(1) during the Elimination Period 1 while you remain totally disabled by the same disability; and
(2) after the Elimination Period for as long as you are entitled to benefits under the Policy.
We review the district court's dismissal de novo. See Beddall, 137 F.3d at 16.
An action for benefits under a plan established under ERISA may be brought only by a “participant,” defined as an employee who is or may become eligible to receive benefits under the plan. 29 U.S.C. §§ 1132(a)(1), 1002(7). Perry contends that the district court erred in holding that she was ineligible for benefits under the Plan.2 She argues that while she was disabled and on a medical leave of absence for the injury to her hand, her status was protected as an active employee and therefore she was entitled to receive disability benefits.
Perry's argument flies in the face of the unambiguous terms of the Plan. Under Section IV an employee's “eligibility terminates on the date [she] cease[s] to be an Active Full-Time Employee ․ due to ․ leave of absence.” Section IV provides that insurance will be continued if the employee is disabled and ceases to be an active full-time employee. But disability under the Plan is limited to nonoccupational injury or sickness. Thus, insurance will continue only if the employee is disabled due to a nonoccupational injury or sickness. Because, as alleged in the complaint, Perry worked full time until she became disabled by a work-related hand injury, her disability leave was the result of an occupational injury and thus had the effect of terminating her insurance and rendering her ineligible for continuation of coverage. Her application for benefits submitted in 1998 upon termination of her workers' compensation benefits was therefore properly rejected.
“Where, as here, the words of an insurance policy are plain, we will ‘refrain from conjuring up ambiguities' and likewise ‘abjure unnecessary mental gymnastics which give the terms of the policy a forced or distorted construction.’ ” Burnham v. Guardian Life Ins. Co., 873 F.2d 486, 490-91 (1st Cir.1989) (quoting Taylor v. Aetna Cas. & Surety Co., 867 F.2d 705, 706 (1st Cir.1989)). Giving the straightforward language in the Plan its natural meaning, see id. at 489, we conclude that the district court did not err in holding that Perry was not a participant and therefore failed to state a claim against Hartford or NEBS.3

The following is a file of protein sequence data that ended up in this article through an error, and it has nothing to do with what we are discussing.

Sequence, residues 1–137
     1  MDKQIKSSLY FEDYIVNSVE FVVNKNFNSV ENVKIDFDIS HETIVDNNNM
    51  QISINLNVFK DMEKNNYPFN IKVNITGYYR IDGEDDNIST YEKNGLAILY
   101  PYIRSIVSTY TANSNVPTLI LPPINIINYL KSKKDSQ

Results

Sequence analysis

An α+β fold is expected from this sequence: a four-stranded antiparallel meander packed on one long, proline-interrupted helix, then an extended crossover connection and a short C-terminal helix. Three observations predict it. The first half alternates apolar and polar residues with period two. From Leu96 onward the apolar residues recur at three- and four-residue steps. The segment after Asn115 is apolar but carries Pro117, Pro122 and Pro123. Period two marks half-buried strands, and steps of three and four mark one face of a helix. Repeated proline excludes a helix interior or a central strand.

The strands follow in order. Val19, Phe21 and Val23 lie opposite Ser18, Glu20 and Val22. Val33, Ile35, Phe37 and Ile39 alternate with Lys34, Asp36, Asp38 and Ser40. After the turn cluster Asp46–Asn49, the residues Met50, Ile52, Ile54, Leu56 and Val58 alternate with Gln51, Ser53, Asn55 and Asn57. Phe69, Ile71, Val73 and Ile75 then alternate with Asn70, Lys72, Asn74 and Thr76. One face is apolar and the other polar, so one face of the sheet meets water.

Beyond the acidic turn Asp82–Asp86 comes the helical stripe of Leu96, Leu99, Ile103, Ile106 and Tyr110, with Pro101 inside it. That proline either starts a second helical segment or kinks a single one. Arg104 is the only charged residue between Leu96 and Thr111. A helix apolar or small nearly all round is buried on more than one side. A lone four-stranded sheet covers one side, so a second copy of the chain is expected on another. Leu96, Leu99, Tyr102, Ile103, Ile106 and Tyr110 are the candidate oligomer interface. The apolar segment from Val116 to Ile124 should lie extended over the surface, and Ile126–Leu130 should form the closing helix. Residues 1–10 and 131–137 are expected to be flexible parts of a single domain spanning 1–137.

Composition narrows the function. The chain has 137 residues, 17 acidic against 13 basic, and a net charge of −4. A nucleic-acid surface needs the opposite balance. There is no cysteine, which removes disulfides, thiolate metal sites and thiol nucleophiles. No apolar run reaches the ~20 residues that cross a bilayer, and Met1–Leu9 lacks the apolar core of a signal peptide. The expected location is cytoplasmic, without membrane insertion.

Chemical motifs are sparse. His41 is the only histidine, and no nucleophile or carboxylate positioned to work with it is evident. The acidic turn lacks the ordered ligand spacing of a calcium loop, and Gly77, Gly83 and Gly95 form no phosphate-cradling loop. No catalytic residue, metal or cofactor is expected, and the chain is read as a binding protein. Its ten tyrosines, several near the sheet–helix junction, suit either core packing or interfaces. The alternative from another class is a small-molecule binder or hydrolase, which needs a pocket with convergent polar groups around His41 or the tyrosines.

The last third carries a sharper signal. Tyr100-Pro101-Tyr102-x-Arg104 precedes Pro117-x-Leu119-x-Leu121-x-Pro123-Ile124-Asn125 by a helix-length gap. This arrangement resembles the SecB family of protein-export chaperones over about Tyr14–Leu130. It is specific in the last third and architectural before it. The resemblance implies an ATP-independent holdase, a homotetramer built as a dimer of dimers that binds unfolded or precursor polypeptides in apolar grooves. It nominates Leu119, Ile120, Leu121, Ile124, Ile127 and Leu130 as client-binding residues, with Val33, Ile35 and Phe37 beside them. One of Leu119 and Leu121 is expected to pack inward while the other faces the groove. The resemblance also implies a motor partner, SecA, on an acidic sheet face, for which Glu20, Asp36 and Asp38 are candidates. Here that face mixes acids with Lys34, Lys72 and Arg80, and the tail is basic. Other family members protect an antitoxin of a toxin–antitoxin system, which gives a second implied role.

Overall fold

Our conclusion that Perry ceased to be a Plan participant makes it unnecessary to address Perry's claim for breach of duty of disclosure and attorneys' fees.
For the reasons stated, we affirm the judgment of the district court.
1. The Elimination Period is the period of time an employee must be totally disabled before benefits become payable. Sec. II.
2. Perry's argument that the district court, in considering the terms of the Plan, improperly treated the motion to dismiss as one of summary judgment is not well-taken. Where, as here, “a complaint's factual allegations are expressly linked to-and admittedly dependent upon-a document (the authenticity of which is not challenged), that document effectively merges into the pleadings and the trial court can review it in deciding a motion to dismiss under Rule 12(b)(6).” Beddall, 137 F.3d at 17.
3. That NEBS may for other purposes have continued to regard Perry as an employee cannot alter the clear and unambiguous terms of the Plan. See Sprague v. General Motors Corp., 133 F.3d 388, 404 (6th Cir.1998) (en banc); Miller v. Coastal Corp., 978 F.2d 622, 624 (10th Cir.1992) (stating that “an employee benefit plan cannot be modified ․ by informal communications.”)
SCHWARZER, Senior District Judge.